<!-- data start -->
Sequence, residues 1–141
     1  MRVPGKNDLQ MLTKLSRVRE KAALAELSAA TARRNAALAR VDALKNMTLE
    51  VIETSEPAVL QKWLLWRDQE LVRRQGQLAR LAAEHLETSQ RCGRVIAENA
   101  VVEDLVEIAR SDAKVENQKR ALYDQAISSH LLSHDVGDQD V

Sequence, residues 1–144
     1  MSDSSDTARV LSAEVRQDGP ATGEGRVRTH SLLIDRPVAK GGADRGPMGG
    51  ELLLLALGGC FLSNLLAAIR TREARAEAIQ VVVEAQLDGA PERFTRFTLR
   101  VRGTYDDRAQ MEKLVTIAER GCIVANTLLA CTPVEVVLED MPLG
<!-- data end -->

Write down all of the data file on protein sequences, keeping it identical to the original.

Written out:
Sequence, residues 1–141
     1  MRVPGKNDLQ MLTKLSRVRE KAALAELSAA TARRNAALAR VDALKNMTLE
    51  VIETSEPAVL QKWLLWRDQE LVRRQGQLAR LAAEHLETSQ RCGRVIAENA
   101  VVEDLVEIAR SDAKVENQKR ALYDQAISSH LLSHDVGDQD V

Sequence, residues 1–144
     1  MSDSSDTARV LSAEVRQDGP ATGEGRVRTH SLLIDRPVAK GGADRGPMGG
    51  ELLLLALGGC FLSNLLAAIR TREARAEAIQ VVVEAQLDGA PERFTRFTLR
   101  VRGTYDDRAQ MEKLVTIAER GCIVANTLLA CTPVEVVLED MPLG